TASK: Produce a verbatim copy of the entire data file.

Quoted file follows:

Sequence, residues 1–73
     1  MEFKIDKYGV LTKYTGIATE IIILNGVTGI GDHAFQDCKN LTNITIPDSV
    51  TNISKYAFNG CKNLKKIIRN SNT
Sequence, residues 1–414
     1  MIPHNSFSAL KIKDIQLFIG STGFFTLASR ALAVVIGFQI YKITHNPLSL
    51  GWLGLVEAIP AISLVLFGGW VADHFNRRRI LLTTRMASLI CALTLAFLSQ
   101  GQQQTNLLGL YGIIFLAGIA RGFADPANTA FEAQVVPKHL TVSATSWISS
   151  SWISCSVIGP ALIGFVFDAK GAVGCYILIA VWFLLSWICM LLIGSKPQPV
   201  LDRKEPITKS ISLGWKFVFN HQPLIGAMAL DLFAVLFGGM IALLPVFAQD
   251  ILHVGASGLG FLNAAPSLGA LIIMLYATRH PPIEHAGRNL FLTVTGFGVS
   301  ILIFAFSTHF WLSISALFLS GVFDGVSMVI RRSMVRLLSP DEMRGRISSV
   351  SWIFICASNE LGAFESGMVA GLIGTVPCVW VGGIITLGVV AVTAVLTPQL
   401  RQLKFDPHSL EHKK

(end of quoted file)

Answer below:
Sequence, residues 1–73
     1  MEFKIDKYGV LTKYTGIATE IIILNGVTGI GDHAFQDCKN LTNITIPDSV
    51  TNISKYAFNG CKNLKKIIRN SNT
Sequence, residues 1–414
     1  MIPHNSFSAL KIKDIQLFIG STGFFTLASR ALAVVIGFQI YKITHNPLSL
    51  GWLGLVEAIP AISLVLFGGW VADHFNRRRI LLTTRMASLI CALTLAFLSQ
   101  GQQQTNLLGL YGIIFLAGIA RGFADPANTA FEAQVVPKHL TVSATSWISS
   151  SWISCSVIGP ALIGFVFDAK GAVGCYILIA VWFLLSWICM LLIGSKPQPV
   201  LDRKEPITKS ISLGWKFVFN HQPLIGAMAL DLFAVLFGGM IALLPVFAQD
   251  ILHVGASGLG FLNAAPSLGA LIIMLYATRH PPIEHAGRNL FLTVTGFGVS
   301  ILIFAFSTHF WLSISALFLS GVFDGVSMVI RRSMVRLLSP DEMRGRISSV
   351  SWIFICASNE LGAFESGMVA GLIGTVPCVW VGGIITLGVV AVTAVLTPQL
   401  RQLKFDPHSL EHKK